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Oil companies reject the “energy transition” even as they promote it


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Some of the world’s major oil companies remain internally skeptical about the “energy transition” to a low-carbon economy, even as they publicly portray their companies as partners in the cause, according to documents obtained by The Post and to be released by the House committee Friday.

Documents, part of a Expected to be released by the House Committee on Oversight and Reform, it exposes oil company executives who dismiss the possibility of using renewable energy to quickly replace fossil fuels, while working to secure government tax credits for carbon sequestration projects that might relieve them of the need to radically change their business models.

The documents — many of them copies of internal emails between oil company officials — describe ExxonMobil’s efforts in 2021 to persuade major industrial firms and oil giants to co-sponsor a massive carbon capture project in Texas. Elsewhere, in one email thread, company officials discuss whether BP, Shell and TotalEnergies–a French oil company–have increased carbon emissions by selling Canadian oil sands interests to other eager investors.

The major oil companies have been criticized for selling oil sands holdings to smaller companies, effectively reshuffling the CO2 liability. In response to this criticism, One speaker said, “What exactly are we supposed to do instead of stripping… pouring concrete over the oil sands and burning the title to the land so no one can buy it?”

Delta and other companies are struggling to meet soaring climate pledges

Scientists say the world must quickly transition away from fossil fuels to prevent the worst predicted effects of climate change, a position shared by Democrats on the House Oversight Committee.

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For over a year, it was The committee investigated a handful of major oil companies, along with two of Washington’s largest trade groups, the American Petroleum Institute and the American Chamber of Commerce. The investigation sought documents about industry campaigns to influence public opinion and policy on climate change.

The commission says the industry is misleading the public by advertising its commitment to clean energy even as it invests disproportionately in fossil fuels. In an earlier statement to the documents on Sept. 14, the commission accused the oil companies of continuing to deceive, after earlier disclosures of the oil companies’ work. To undermine the credibility of climate science.

“Instead of outright denial of global warming, the fossil fuel industry has ‘washed’ its record with deceptive advertisements and climate pledges — without meaningfully reducing emissions,” the commission said in a note.

The panel asked each company in the report — including ExxonMobil, Chevron, BP and Shell as well as the American Petroleum Institute — to provide approximately 15 to 30 documents.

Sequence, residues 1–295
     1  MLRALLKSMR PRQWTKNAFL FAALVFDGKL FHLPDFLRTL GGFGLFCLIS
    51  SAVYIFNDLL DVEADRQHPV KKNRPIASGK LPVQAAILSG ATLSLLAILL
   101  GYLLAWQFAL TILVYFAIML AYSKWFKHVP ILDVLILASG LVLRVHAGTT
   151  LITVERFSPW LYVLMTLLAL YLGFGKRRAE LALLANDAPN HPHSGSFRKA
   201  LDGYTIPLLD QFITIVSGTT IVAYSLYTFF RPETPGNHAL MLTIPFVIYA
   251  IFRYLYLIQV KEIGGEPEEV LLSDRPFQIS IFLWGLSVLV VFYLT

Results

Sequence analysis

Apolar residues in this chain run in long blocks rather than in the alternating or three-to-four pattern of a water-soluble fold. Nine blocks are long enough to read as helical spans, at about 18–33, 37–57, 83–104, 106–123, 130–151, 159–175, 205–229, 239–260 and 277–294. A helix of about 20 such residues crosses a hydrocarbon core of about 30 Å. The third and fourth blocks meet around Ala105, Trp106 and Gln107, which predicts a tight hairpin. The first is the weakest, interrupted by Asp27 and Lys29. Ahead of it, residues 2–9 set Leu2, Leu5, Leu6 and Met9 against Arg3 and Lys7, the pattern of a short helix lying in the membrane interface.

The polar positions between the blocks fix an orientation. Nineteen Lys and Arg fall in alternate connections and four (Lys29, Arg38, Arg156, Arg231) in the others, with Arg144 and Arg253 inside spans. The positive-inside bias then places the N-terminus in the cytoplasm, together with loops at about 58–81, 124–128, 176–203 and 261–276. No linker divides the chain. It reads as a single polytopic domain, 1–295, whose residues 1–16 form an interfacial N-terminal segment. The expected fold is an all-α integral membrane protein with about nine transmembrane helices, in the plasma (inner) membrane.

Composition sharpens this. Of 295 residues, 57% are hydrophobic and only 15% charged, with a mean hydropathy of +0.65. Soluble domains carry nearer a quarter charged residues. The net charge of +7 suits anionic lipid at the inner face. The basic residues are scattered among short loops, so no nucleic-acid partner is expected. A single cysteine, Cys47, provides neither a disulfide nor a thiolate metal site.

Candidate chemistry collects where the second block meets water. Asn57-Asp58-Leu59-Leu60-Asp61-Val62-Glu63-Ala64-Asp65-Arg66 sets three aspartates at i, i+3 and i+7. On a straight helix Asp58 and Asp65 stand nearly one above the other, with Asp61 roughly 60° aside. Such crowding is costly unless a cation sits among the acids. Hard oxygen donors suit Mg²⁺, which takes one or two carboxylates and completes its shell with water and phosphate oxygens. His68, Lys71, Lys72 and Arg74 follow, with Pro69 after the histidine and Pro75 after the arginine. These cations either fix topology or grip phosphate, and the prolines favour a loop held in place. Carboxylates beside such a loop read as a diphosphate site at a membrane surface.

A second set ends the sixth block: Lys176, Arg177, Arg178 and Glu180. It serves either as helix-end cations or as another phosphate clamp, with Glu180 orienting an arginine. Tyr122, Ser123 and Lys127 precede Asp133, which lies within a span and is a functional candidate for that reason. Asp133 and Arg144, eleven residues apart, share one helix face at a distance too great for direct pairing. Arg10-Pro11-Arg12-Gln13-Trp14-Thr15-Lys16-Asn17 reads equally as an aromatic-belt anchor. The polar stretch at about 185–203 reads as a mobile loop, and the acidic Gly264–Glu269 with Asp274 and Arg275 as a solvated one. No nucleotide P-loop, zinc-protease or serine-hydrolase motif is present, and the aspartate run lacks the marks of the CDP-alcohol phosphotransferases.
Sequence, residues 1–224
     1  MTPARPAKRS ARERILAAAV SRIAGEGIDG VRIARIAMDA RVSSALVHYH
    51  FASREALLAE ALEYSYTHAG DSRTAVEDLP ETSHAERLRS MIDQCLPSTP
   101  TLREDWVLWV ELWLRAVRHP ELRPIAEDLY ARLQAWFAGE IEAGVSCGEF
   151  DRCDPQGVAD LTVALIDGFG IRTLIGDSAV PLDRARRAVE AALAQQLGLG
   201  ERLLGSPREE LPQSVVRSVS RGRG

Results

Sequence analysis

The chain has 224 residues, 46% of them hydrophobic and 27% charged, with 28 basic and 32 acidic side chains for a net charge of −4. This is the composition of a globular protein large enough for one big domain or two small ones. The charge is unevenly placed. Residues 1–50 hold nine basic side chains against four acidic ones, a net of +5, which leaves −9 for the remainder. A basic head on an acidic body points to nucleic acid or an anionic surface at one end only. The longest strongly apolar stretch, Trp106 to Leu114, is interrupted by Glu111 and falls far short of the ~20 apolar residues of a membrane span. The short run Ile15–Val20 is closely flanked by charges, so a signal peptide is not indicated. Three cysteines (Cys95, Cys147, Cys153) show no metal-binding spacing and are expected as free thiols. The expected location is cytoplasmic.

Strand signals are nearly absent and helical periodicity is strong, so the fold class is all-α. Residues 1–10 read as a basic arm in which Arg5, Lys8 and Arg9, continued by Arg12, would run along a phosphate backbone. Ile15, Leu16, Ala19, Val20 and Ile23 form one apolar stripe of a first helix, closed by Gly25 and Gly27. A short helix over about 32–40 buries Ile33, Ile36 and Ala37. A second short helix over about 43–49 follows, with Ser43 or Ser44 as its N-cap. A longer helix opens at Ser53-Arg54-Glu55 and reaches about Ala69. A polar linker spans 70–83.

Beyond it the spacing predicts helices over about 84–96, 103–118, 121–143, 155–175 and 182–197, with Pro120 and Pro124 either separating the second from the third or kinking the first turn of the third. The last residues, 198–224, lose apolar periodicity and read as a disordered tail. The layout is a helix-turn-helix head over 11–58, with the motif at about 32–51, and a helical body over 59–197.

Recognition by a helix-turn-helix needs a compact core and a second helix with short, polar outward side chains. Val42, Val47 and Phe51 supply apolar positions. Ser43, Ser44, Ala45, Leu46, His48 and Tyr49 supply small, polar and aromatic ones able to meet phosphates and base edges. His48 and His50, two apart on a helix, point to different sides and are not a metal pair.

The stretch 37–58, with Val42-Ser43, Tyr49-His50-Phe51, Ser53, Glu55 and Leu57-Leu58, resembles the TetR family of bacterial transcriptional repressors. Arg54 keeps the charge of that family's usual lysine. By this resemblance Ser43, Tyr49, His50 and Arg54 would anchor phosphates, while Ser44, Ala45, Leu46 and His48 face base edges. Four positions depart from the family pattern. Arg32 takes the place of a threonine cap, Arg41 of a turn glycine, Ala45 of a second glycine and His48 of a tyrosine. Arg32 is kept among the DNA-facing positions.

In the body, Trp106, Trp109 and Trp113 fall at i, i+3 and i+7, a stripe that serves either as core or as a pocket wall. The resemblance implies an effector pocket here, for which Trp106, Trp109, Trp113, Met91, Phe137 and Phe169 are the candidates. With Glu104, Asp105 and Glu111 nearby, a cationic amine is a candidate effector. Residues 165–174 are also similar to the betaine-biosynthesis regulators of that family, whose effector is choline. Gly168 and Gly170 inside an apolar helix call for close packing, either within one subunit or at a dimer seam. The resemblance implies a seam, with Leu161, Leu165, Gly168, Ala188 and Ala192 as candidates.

Among the biggest problems was ExxonMobil’s efforts to drum up support for what it said would be a $100 billion carbon capture project south of Houston. ExxonMobil has been told by potential partners that they will only join with other companies that “have reputable climate credentials and stand out to their name.”

“Chevron considers Exxon’s numbers related to tons stored, jobs created, and jobs created to be inflated – but it’s harmless inflation,” said one email about Exxon’s proposal. “Chevron is divided internally on the Houston-centric issue — but it sees that as a small concern. Some minor irritation in some Chevron circles over Exxon’s reputation concerns.”

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Many companies have hesitated about the Houston project, although more than a dozen currently support the proposal. ExxonMobil is still looking to the federal government as a potential source of tax credits to cut costs. Tax breaks have been sharply expanded under the recent Inflation Reduction Act.

In another email exchange, in 2016, an oil company official expressed the need to burnish his company’s image in the face of criticism from climate activists, including Naomi Oreskes, a Harvard scholar and author of a book on public relations in the oil industry. campaigns.

“Currently, the likes of Naomi Oresques (Merchants of Doubt) paint people like us as ‘climate deniers’ because we don’t believe renewable energy will solve the entire transition or that it can be done in two decades,” the official wrote.

The documents also detail a 2017 spat between outgoing Shell CEO Ben van Beurden and Fred Krupp, president of the Environmental Defense Fund, an advocacy organisation. Krupp said methane emissions along the natural gas supply chain make it as bad an energy source as coal from a greenhouse gas perspective.

“I was very disappointed that he was hurting the good efforts we should have side by side in principle,” Van Beurden said of Krupp, who called off a meeting between the two. He said the EDF chief’s remarks “went too far for me”.

Krupp said in an email today that he has spoken with Van Beurden and other senior executives since then. “The industry continues to release massive amounts of methane, and the EDF continues to pressure them, publicly and privately, to take action to close those leaks,” he said.

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The documents obtained by the newspaper are only part of those expected to be released by the House committee on Friday in another condemnation of what the oil industry calls “greenwashing.” One company official estimated that the required documents ran to more than a million pages.

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